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Ten Things the Pandemic Brought...

So yesterday I focused on what was removed. I started there because I always learn more from subtraction rather than addition. I have a tendency to take for granted all that I am given, but I pay really close attention to those things removed from me...


Here are the top ten things that I have gained from the pandemic...


1. A love for my home. I mean it. I have a deep appreciation for the place that I live now. It is comfortable, safe, warm or cool enough. We have all that we need. We have enough space to provide shelter to animals we love, a rental space for another family to have a lovely home as well. We have lots of outdoor living space and it is all situated in this lovely valley. I am so grateful to live in this home, land and town. I love my backyard. I love being able to read on my swing in my meditation garden. I truly, deeply and madly love my home base. I was too busy before to really examine how very lucky I am to live in this tiny but amazing house.


2. Breakfast. I never ate breakfast before the pandemic. I was always choking down a cheese stick on my way from one place to the next. Now I make myself something for breakfast every day and I actually sit down and eat it. May not sound like much to you but pre-pandemic I ate most, if not all of my meals standing up...and whether you could call a cheese stick a meal was largely debatable.


3. Hiking. I started hiking every day, every morning. There was no reason not to. I had the time, I mean I still worked every day as I was blessed to be employed by a company that had work and stayed open. But my workload was shiftable and so I did, I prioritized me and took off with my dog in the early morning hours. It has been ten months...we rarely miss a day.


4. Goats. While they are no longer with us, I have so many good memories of their time with us. It is a very bright spot in my life. Laughing with my daughter, walking them around the neighborhood. I am so very sad at Fitzy’s death and having to find Finny another home. I really wanted to get another goat and keep Finny but I knew that it was best for him to be in a bigger place with more goats. I miss them both every day. They, along with my daughter, are the best memories I will ever have of this down time. I am forever grateful to them and am still grieving the loss. I loved them with my whole heart and still can’t reconcile how short lived Fitzy’s life was. I am not ready to get more, because my heart is still broken. I am still grieving.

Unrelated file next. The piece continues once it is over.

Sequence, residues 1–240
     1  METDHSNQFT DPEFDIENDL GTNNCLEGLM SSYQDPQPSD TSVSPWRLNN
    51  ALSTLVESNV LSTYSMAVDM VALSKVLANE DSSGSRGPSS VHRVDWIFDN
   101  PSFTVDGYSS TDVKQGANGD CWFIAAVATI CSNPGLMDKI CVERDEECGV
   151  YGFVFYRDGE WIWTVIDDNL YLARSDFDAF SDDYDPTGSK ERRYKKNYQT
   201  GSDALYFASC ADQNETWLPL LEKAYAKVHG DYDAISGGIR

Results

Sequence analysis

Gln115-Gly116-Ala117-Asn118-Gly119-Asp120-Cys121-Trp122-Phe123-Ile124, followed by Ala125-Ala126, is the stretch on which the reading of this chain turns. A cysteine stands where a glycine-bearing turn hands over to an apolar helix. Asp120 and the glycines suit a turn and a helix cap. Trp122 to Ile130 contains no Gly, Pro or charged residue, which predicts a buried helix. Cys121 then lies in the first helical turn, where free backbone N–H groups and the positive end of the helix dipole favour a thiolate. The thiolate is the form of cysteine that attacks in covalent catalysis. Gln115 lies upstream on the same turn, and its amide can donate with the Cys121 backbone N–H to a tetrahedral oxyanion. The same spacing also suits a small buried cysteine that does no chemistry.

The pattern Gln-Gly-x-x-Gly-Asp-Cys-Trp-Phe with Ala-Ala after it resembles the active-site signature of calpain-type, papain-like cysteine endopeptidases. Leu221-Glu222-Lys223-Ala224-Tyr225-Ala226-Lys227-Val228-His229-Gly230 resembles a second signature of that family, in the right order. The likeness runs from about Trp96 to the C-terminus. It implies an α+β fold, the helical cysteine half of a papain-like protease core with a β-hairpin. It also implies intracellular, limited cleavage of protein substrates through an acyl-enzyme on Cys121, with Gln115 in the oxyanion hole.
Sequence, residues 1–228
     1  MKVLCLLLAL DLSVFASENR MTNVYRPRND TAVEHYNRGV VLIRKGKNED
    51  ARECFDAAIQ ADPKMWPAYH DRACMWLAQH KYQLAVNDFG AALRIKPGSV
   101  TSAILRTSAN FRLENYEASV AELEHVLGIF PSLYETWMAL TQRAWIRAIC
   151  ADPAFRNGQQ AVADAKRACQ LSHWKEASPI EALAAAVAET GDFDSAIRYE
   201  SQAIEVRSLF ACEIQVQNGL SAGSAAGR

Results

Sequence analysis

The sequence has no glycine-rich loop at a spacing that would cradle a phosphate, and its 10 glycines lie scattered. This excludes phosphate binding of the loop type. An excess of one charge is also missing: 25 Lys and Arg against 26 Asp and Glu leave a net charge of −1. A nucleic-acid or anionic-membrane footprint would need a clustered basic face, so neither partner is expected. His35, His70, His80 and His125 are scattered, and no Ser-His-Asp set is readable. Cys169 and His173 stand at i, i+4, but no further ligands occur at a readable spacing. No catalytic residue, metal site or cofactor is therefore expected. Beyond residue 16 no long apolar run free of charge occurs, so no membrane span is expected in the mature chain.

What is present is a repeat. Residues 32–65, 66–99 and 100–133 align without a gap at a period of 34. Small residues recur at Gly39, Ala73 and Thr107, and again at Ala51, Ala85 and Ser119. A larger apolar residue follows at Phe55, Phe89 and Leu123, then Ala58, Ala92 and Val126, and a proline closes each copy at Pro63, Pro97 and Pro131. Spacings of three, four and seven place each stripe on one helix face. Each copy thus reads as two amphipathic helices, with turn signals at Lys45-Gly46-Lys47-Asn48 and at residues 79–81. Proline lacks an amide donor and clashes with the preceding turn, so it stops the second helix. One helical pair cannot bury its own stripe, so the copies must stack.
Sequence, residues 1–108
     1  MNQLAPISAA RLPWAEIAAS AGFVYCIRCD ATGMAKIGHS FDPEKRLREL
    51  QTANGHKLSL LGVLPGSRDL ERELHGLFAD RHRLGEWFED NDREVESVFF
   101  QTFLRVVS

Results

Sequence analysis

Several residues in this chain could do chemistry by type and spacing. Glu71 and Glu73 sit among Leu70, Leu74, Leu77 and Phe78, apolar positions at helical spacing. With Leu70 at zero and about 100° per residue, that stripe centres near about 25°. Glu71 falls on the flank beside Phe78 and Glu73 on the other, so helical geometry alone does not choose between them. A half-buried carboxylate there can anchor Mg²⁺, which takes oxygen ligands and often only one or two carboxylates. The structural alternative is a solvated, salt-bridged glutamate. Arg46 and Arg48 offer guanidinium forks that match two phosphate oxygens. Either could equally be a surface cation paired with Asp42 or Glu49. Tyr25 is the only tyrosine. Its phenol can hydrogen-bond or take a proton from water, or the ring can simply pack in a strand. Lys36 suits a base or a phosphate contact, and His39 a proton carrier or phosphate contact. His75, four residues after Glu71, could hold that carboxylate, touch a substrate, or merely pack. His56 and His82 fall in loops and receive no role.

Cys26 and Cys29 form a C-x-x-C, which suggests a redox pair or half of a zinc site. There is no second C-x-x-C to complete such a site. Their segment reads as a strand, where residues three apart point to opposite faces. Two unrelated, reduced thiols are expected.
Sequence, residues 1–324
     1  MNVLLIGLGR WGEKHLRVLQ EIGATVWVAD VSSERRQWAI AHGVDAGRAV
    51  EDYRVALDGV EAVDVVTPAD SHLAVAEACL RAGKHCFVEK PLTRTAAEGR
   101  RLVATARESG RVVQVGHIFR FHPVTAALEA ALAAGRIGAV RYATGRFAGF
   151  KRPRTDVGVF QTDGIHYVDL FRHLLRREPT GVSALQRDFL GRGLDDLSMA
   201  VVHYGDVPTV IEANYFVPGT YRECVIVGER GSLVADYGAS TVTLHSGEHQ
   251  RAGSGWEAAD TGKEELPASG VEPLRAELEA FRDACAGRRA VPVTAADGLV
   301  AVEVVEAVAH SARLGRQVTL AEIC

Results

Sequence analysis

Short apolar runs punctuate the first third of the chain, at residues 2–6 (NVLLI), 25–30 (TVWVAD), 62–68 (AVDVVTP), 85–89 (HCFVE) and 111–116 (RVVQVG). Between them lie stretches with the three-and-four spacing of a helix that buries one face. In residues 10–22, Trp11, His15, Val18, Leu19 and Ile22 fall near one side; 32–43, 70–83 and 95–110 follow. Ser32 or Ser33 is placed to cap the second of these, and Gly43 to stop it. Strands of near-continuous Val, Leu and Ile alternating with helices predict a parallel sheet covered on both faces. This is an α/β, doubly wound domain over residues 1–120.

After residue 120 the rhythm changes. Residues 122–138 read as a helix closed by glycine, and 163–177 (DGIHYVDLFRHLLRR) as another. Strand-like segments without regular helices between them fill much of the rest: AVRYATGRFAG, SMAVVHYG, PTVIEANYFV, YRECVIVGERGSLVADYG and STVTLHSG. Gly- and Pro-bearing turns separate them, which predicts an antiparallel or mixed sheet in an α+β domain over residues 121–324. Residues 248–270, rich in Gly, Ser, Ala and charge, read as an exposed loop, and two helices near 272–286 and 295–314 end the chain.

5. Grief. I have experienced a great deal of grief this last ten months. My relationships have changed. Some becoming deeper, and others being gone. I have lost two very dear friends during this time, one to cancer, the other to a tragic car accident. Lane came back and then left again, this time for good. Losing Fitzy, finding a better place for Finny. I have been grieving for the world that I thought I lived in, finding out that the one that I live in does not look the way that I thought it did. Having to begin to reconcile the bigotry, hatred and racism that is no longer an undercurrent I can ignore. All of the above, along with grieving for the world at large as we lose more people to the virus every day. It has resulted in me feeling, really feeling a great deal of grief. More than I think I have ever experienced actually because I have slowed down enough to allow those feelings to permeate my soul. It has been exquisitely painful. But it has also brought me to a new place of surrender and a better understanding of what it means to love. I have learned that grief is really what happens to me when the love I feel becomes unmoored from the object of my love, kind of a love disconnect. Not unlike a hose unattached to its faucet. The flow continues but instead of being directed to its target, it just spills out everywhere, in a messy, uncontrolled manner. I have learned that I really loathe a mess and yet, there is really very little I can do about it. Life is inherently messy. I should get a grip.


6. Jack Kerouac. First all of his novels then an RV named in his honor. I had time to read all that he wrote and appreciate his alcoholic genius. His mastery of words and storytelling. I spent the summer days lying on my swing bed or hammock, lost in his brilliant self destruction, relating and being grateful that I was spared a similar fate. Then I bought an RV and fixed it up and began renting it out so that we could enjoy a little time on the road ourselves. And allow others to do the same. I can’t wait to begin again. So many lessons to learn from a lonely road in the middle of nowhere. My daughter and I and the dog took off for parts unknown, with no plans, or destinations in mind. It was lovely and I return to those places mentally often. They are my respite and relief for the monotony of my days. They are solace in my time of grief.


7. Writing. I have been writing daily now for two years which is amazing to me. I am still not sure how that happened...but I do it and it has become a part of who I am. I am a writer. I am a thinker and a putter down on paper person. The words spill out of me almost like I have this internal faucet that is leaky and can’t be fixed. The letters forming words that I sometimes don’t even remember writing. They just come, and I have learned to let them. I have to write every day. It is conscious living for me now. I do not believe there is any going back. I have finally begun to make progress on my book that has been 23 years in the writing. Finding a new twist that embolden me and encouraged me and pushed me to now work on it almost daily. I am grateful because it feels good to let it out of my psyche and commit it to screen. It means that I am healing, literally recovering with each word I write. Ernest Hemingway said that all you have to do to write, is to sit down at your typewriter and bleed. And bleed I have.